In their search for higher yields, institutional investors and the wealthy of Asia are snapping up private credit opportunities in the US. 

According to experts, interest from the region and particularly China has been growing, focused in large part on the collateralised loan obligation (CLO) market. Large institutional investors such as sovereign wealth funds and banks are increasingly lapping up new CLO issuances in the US, the largest market for such leveraged loans.

CLOs are financial vehicles containing packages of ‘leveraged loans’ that have been sliced into different levels of risk. The vehicles use these debts as collateral to issue bonds at different ratings and yields, based upon the riskiness of the underlying loans.

Interest from Asian investors has helped support a surge in supply this year. Credit rating agency Standard & Poors said leveraged loan issuance was $512 billion for the first nine months of 2017, over $160 billion higher than the same period of 2013, the previous peak year.

“The really interesting story from Asia is that over the past 12 months, we have seen the emergence of the large Chinese investors, who are the latest entrants from this part of the world,” Oliver Wriedt, co-chief executive officer at CIFC Asset Management, a US-headquartered private debt manager told AsianInvestor. CIFC manages about $15.5 billion invested in CLOs, corporate credit and structured credit funds, including $3 billion in  Asia Pacific.

Chinese investors are mostly banks, asset management platforms and sovereign wealth funds. While many have had their offshore investing activities crimped by China’s capital restrictions, where they can use offshore currency they have been active CLO buyers, he said.

Japanese institutional investors have also been major regional players since 2010. Others include insurance companies in Hong Kong, Singapore and Taiwan, which tend to invest primarily in investment grade tranches, said Wriedt.

Korean insurers are even more aggressive, buying all the way down to equity tranches.

Even private banks in the region are showing appetite: “For high risk clients, we like CLO equity and junior mezzanine debt, and for medium risk appetite clients, we prefer double B and triple B CLO bonds,” agreed Bryan Goh, chief investment officer for Singapore at Swiss private bank Bordier and Cie.

He told AsianInvestor that he prefers investing in markets that are non-retail and institutional investor-dominated.

“Institutional investments are not based on liquidity or momentum but on default rates and recovery rate outlook. These markets tend not become as highly overvalued as momentum and retail driven assets,” he added.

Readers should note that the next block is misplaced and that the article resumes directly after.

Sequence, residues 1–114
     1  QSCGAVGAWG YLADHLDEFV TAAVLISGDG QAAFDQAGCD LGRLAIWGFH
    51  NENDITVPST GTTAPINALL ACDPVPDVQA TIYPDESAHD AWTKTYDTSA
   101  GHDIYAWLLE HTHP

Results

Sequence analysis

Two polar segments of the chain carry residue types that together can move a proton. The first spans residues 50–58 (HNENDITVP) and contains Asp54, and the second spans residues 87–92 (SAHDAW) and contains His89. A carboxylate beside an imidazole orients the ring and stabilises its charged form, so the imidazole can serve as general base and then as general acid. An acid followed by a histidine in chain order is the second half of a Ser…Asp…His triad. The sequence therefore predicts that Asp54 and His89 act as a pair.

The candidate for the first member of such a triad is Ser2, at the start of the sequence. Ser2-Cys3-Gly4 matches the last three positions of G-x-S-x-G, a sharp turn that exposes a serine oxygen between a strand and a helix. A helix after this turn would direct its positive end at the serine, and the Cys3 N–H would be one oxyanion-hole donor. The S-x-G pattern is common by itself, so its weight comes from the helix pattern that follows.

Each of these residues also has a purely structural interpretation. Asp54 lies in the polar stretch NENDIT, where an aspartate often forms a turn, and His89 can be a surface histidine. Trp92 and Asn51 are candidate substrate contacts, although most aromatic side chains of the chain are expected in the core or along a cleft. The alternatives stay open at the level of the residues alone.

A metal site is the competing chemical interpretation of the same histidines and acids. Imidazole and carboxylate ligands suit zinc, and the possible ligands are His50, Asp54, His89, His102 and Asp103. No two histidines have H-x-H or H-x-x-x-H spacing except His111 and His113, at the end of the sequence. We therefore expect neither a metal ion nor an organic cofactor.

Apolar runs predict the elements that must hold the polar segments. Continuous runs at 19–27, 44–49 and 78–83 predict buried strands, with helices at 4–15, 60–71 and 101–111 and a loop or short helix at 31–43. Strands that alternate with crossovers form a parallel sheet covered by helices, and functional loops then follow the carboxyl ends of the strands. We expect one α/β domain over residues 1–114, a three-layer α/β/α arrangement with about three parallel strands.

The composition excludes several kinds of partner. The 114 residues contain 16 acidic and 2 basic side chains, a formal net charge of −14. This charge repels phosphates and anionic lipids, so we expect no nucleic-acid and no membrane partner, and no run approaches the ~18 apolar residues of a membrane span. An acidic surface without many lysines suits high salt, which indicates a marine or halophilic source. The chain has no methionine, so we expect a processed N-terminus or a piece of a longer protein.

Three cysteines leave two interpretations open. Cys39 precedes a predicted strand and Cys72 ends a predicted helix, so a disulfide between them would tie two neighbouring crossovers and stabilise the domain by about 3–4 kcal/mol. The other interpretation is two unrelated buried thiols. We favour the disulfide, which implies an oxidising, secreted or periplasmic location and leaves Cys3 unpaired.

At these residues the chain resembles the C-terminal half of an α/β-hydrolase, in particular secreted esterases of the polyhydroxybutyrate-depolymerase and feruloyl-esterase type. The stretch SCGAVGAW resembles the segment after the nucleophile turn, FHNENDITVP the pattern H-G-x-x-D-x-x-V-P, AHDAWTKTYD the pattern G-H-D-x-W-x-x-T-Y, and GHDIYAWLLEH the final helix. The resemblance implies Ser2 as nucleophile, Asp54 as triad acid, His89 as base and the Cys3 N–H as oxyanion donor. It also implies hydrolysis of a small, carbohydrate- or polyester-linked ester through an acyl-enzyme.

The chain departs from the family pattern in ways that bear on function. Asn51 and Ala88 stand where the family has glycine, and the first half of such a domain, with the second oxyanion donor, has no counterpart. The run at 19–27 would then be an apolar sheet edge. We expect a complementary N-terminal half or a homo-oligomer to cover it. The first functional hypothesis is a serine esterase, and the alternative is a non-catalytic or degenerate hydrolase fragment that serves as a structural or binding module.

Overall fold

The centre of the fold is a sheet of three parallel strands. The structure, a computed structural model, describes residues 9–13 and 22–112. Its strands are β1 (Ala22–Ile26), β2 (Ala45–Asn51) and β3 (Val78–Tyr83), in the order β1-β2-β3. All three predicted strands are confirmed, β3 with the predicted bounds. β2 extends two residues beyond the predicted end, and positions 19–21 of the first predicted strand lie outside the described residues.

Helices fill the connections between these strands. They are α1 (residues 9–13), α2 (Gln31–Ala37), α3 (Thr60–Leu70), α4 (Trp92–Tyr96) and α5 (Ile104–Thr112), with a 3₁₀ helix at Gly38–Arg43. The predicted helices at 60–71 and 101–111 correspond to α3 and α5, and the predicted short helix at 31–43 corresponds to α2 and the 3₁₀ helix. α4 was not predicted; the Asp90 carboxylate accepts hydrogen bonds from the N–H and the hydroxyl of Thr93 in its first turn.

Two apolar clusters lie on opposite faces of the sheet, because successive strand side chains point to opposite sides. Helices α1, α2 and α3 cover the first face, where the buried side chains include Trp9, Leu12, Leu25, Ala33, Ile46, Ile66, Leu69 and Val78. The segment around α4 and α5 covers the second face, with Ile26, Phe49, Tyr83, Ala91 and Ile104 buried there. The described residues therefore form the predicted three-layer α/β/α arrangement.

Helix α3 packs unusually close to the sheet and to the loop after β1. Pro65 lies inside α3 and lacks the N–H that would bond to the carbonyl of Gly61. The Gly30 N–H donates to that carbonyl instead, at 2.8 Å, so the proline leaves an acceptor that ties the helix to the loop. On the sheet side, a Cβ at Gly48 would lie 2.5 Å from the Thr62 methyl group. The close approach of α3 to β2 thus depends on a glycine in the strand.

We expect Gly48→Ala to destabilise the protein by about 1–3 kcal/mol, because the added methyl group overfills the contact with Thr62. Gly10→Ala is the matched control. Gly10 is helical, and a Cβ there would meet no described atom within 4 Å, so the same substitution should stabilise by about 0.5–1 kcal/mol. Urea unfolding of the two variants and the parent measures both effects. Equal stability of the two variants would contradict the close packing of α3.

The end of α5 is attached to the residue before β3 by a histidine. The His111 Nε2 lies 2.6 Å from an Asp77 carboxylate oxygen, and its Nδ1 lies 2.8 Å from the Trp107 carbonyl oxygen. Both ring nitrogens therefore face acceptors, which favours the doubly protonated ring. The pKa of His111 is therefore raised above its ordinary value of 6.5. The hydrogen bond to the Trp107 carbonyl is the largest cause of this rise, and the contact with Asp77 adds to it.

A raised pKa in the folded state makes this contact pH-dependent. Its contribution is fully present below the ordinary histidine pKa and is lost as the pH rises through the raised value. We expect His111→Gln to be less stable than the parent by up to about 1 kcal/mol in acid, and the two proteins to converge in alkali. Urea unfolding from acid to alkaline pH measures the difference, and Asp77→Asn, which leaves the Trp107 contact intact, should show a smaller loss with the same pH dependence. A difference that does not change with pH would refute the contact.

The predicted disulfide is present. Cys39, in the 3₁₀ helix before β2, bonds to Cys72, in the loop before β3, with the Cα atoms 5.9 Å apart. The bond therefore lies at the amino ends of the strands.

Attempting a makeover

In the aftermath of the global financial crisis, rating agencies have spent years tightening scrutiny of securitised products such as CLOs, eager to avoid another embarrassing failure to identify structural weaknesses.

“Esoteric assets are not included and credit enhancement limits in recent CLOs are higher than those of pre-crisis CLOs. CLOs are also well diversified across industries nand have a wide range of concentration limits,” said Jian Hu, managing director for the structured finance group of Moody’s Investors Service.

According to Moody’s data, the 12 month (trailing) impairment rate for both investment grade and speculative grade categories of CLOs is zero percent.

Nevertheless, CLO investments are not entirely without concern, despite low default rates to date.

“There are other risks [beyond credit rating risks] and investors need to be mindful of those,” said Hu.

These include liquidity risk, market value risk and early payment or extension risk, he added.

Rival ratings agency S&P has also flagged signs of extreme risk-taking in the US leveraged loans market, while the level of investor demand for CLOs has allowed some issuers to weaken their deal covenants, or the voluntary constraints placed upon their financial behaviour to assure the financial health of CLOs.

“Although liquidity remains healthy, negative market signals have appeared, like the rising share of riskier 'B' rated loans, the near record-high leverage levels, or the continuing proliferation of borrower-friendly terms—over 70% of this year's institutional issuance are covenant-lite,” it noted in an October 16 report.

This leaves the US leveraged loan market increasingly vulnerable to external shocks such as China's rebalancing, the UK's decision to leave the European Union, and the Federal Reserve's interest-rate normalisation, the report said.